I want to use one of these inductors (EI type transformer coils with air gap) in series to a speaker (woofer) to filter out high frequencies.



simulate this circuit – Schematic created using CircuitLab

Of course this will work inside the loudspeaker in AC and with low average currents and in absence of DC, but the datasheet specifies the inductance "at rated max DC current".

Can I assume in my first-order filter schematic (to determine the frequency response -6dB cut-off curve) the same inductance shown in the datasheet (labelled on the transformer)?

If not, how can I determine the correct inductance value in AC (without DC) of the inductance of a transformer coil whose inductance is specified at "max DC current"?

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    \$\begingroup\$ I'd suggest that your choice of choke is probably overkill. There are plenty of suppliers of chokes for speaker crossovers. Since you have a question about a specific product, have you asked the manufacturer? \$\endgroup\$ – Kartman Jan 21 at 8:59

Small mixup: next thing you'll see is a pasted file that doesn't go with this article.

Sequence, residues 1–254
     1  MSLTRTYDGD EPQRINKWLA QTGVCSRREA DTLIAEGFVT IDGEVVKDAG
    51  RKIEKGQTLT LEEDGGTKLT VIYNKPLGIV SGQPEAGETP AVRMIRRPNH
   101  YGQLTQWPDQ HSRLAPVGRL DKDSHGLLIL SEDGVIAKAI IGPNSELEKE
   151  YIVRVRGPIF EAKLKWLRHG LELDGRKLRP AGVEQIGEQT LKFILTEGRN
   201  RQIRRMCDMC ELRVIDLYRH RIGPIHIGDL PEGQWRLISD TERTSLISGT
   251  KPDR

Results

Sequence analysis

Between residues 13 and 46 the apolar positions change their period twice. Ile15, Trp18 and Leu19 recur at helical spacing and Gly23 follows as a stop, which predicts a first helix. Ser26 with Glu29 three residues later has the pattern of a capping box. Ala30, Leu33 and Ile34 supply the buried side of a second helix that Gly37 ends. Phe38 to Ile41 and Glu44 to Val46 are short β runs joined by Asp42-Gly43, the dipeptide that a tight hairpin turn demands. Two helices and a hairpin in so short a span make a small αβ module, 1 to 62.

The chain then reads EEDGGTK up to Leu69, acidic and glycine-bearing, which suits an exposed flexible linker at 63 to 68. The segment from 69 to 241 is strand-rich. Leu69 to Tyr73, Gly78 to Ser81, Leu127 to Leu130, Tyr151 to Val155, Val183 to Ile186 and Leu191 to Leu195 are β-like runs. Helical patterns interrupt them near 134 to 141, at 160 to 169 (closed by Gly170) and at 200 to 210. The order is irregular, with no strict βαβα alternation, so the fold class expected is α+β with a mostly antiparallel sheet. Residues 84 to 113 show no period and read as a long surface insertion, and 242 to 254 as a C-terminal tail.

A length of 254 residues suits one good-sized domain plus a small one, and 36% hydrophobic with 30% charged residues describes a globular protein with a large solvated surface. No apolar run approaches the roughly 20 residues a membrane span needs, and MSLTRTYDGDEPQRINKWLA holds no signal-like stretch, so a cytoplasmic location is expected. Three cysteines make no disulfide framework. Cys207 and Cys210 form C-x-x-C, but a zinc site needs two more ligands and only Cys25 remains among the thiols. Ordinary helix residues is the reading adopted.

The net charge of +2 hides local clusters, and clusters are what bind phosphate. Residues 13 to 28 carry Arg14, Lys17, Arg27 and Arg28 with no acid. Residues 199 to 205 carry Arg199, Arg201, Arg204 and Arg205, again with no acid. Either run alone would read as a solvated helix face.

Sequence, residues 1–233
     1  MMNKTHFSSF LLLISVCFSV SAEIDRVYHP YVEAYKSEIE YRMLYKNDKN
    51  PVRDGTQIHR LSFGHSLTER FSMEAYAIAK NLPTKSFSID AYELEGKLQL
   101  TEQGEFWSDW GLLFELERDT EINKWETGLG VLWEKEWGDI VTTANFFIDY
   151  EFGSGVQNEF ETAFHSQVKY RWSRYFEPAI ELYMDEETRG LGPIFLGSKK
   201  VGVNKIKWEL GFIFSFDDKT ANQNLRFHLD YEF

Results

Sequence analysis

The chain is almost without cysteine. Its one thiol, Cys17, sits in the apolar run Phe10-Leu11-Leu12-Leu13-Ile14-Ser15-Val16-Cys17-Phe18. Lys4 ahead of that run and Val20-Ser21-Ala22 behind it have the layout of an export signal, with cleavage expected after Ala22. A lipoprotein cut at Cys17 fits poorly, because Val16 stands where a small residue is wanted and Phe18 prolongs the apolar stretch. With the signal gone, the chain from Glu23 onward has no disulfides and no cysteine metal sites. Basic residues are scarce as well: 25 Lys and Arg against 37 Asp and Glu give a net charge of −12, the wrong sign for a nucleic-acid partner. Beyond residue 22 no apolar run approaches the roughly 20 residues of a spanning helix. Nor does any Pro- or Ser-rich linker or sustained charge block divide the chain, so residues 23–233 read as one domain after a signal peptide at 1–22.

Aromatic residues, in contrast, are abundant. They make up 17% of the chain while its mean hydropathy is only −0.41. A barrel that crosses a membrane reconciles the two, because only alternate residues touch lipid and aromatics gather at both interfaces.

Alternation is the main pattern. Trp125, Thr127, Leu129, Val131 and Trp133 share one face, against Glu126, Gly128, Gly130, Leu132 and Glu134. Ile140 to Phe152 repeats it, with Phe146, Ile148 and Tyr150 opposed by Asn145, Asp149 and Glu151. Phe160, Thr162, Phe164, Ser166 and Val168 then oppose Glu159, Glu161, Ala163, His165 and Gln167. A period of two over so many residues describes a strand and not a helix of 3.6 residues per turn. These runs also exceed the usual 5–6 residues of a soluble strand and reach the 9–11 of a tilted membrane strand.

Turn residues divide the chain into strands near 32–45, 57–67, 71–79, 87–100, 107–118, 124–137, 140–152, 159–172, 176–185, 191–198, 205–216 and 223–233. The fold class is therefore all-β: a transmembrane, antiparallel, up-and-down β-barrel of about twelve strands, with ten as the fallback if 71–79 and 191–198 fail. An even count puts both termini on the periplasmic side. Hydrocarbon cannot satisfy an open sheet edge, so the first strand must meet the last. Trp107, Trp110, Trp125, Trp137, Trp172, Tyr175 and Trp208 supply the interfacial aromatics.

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    \$\begingroup\$ Consider the speaker as L instead and this is a 2nd order RLC filter \$\endgroup\$ – Tony Stewart EE75 Jan 21 at 9:06
  • \$\begingroup\$ Assume the speaker as an ideal resistor, and delete the capacitor. I put the capacitor in the scheme to show that there is no DC current in the inductor. Hence it is a normal first order LR filter \$\endgroup\$ – Gianluca G Jan 21 at 15:20
  • \$\begingroup\$ It is not a question regarding a specific product. Most of the reactor inductances are specified at a certain DC current. \$\endgroup\$ – Gianluca G Jan 21 at 15:22
  • \$\begingroup\$ As it's a transformer, you want its inductance to be at least that value, but don't care if it's higher. Using it as an inductor, you'll have to do your own measurements. \$\endgroup\$ – user_1818839 Jan 21 at 16:24

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